Underneath my yellow skin

The state of my game in 2019

Normally, this is the time of the year when I start handing out game awards with goofy names. The criteria is not what I consider the best games of the year, but games that I liked the best. I very rarely play the games on the best of the year lists, especially in the year they are released, so I don’t have much to contribute to that conversation. The one exception, of course, are FromSoft games, and I promise I will get to that later–but probably not in this post. A few weeks ago, I started thinking about the games I played this year, and I realized that there weren’t many that really stood out for me. More to the point, there weren’t that many that I actually finished.

I tend to play one ‘big’ game at a time (big in terms of amount of things to do, not necessarily Triple A or story-wise or whatnot). Ian and I like to joke that he has an ADD approach to gaming whereas I have an OCD approach. However, I’ve been thinking lately that I am more ADD than OCD than I previously thought. Yes, I can focus on one thing to the exclusion of everything else, but that’s the hyperfocus part of ADD. Anyway, this year, I played Sekiro at the end of March/all of April when it was released. I played it obsessively. I thought about it when I wasn’t playing it. I dreamed about it. It was in my blood, and I didn’t have room to think about anything else. We shall,  of course, get to that later.

One of my enduring quests is to find a mystery game that I can really sink my teeth into.  There are plenty of mystery games out there, but, unfortunately, most of them are…not great. I’ve written at length about my disappointment with them before (and the point-and-click genre in general), so I’m not going to rehash those points. I’ll just say that my experiences this year with the genre cemented my belief that those games are not for me. I tried Unavowed and Thimbleweed earlier in the year, and while the former held promise (the latter irritated me from the beginning), it inevitably fell into the trap that so many point-and-clicks do–namely, making me do elaborately nonsensical things to accomplish a quest AND showing me things I knew I would need later, but did not allow me to pick up the first time I saw them. This is the year I’ve given up on point-and-clicks, and I’m a bit sad about it.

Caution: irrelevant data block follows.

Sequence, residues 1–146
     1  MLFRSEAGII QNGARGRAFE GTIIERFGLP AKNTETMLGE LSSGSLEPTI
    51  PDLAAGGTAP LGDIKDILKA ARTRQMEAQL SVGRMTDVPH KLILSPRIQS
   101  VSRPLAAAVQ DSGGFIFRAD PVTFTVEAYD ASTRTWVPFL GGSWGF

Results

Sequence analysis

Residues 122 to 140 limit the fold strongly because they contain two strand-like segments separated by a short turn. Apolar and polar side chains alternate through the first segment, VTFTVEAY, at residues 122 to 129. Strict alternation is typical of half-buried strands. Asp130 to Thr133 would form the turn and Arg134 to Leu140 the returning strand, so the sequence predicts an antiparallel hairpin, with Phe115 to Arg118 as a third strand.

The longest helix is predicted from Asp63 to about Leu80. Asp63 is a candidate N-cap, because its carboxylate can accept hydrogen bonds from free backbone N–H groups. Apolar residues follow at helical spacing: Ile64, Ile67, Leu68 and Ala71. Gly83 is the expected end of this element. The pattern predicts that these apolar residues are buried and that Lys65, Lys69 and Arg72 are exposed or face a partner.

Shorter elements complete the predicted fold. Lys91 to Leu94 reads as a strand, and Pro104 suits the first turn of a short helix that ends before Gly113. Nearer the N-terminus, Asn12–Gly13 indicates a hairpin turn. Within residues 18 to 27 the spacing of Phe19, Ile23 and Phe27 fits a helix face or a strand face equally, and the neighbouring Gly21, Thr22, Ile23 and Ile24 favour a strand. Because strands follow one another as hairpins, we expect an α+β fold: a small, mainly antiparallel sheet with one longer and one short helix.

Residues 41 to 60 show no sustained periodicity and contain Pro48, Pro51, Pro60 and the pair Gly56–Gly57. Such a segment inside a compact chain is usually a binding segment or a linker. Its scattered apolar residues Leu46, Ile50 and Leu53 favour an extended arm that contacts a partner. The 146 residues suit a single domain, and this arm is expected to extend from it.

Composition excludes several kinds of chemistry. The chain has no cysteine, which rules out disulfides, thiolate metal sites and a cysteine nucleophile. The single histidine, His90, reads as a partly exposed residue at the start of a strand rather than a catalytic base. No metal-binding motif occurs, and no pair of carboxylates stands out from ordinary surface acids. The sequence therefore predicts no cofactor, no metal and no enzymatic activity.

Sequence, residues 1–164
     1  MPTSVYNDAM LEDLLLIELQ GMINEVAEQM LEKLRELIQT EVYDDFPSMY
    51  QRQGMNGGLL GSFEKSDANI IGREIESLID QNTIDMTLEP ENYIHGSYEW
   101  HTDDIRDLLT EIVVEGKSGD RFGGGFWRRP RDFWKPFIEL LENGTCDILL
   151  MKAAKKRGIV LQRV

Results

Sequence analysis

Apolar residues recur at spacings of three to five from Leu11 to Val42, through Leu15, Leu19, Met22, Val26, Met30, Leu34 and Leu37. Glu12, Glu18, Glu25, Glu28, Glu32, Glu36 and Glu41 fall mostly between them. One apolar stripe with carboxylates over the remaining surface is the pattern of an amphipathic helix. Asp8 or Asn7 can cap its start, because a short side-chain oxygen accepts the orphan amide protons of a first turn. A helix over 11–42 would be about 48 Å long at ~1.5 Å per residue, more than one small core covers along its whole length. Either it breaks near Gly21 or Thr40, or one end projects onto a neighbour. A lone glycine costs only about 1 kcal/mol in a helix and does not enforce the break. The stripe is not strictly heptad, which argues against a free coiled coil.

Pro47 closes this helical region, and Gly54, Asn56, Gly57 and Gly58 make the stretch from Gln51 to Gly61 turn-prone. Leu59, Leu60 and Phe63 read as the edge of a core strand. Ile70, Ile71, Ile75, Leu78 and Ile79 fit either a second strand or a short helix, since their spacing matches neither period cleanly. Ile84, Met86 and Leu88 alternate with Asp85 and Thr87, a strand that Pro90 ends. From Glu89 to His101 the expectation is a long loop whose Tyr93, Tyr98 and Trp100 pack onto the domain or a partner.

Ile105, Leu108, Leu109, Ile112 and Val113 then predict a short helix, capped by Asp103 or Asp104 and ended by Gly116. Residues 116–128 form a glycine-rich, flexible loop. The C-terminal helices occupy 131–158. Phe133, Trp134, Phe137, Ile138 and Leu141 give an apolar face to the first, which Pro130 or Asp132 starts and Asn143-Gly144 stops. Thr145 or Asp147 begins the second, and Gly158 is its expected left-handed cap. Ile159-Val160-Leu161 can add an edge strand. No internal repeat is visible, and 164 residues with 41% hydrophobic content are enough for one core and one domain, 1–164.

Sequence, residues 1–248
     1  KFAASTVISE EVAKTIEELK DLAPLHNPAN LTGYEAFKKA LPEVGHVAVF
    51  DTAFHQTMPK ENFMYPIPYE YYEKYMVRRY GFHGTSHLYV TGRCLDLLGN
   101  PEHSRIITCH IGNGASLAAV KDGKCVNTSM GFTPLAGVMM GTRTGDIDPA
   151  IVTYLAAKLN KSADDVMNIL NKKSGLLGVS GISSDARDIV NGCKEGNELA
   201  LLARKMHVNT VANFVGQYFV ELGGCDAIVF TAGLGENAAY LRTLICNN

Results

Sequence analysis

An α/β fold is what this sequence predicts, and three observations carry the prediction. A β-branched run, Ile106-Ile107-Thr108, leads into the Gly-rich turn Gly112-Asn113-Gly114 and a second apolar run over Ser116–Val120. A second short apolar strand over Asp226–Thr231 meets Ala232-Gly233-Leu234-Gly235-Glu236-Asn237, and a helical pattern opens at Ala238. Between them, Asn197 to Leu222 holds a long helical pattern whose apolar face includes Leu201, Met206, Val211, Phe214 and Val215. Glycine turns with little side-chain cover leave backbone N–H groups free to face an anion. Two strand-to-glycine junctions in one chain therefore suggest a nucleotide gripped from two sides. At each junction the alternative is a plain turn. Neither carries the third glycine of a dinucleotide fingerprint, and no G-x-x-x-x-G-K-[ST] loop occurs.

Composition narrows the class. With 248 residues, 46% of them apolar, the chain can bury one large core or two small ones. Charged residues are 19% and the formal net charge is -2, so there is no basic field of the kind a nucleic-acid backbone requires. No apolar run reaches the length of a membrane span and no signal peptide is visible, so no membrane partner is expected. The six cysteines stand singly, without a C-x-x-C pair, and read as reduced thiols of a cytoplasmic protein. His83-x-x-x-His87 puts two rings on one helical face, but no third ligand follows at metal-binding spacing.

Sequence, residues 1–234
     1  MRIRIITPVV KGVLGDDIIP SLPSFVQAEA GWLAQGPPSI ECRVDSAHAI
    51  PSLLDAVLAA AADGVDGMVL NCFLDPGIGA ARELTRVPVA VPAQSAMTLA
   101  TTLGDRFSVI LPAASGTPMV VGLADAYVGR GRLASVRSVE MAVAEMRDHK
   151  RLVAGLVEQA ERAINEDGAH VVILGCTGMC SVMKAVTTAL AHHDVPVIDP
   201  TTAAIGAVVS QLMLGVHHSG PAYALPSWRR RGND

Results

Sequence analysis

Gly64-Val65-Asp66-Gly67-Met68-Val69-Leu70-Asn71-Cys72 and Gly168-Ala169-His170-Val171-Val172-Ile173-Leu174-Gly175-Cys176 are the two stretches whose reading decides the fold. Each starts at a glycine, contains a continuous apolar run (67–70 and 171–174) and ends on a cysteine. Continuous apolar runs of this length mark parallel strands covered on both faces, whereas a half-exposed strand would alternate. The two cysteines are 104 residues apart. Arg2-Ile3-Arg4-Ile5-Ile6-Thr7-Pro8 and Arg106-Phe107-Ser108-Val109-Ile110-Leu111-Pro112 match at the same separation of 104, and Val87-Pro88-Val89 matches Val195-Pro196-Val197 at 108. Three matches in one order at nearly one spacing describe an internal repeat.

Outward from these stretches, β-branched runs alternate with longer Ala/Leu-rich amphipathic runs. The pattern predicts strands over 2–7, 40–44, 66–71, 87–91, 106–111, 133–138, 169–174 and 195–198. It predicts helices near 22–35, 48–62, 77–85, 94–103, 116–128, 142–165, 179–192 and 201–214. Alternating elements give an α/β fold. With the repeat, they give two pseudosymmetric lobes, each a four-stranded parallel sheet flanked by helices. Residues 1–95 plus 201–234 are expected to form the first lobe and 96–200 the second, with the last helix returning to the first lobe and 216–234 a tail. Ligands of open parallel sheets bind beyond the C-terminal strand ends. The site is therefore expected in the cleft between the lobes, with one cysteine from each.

The one that hurts the most, however, when it comes to murder games is Disco Elysium. I was hyped about it before it came out, and I was in love with the graphics. The atmosphere was moody, intense, and dripping with gorgeousness. The music was so perfect as well, and despite myself, I had high hopes as I played the first hour. I really dug playing as a suicidal, dystopic, alcoholic,  amnesiac detective who was slowly fumbling to recovery. It’s an open world RPG, and it’s a bit overwhelming in the beginning. The UI wasn’t great, but I was able to overlook that. I wandered around talking to everyone possible and interacting with whatever I could. There were heavy themes, which I appreciated, and I thought, “Maybe this is the one!”

Alas, that was not the case. It took a lot out of me emotionally to play this game because it was so bleak, and then the RNG aspects frustrated the hell out of me, which I have already written about. But, I soldiered on because it had such good ideas, and I really wanted to love it.   But, then something happened with the horrible kids that was so grotesque and repulsive (something they did/said, not my character), my brain slammed down and refused to play any longer.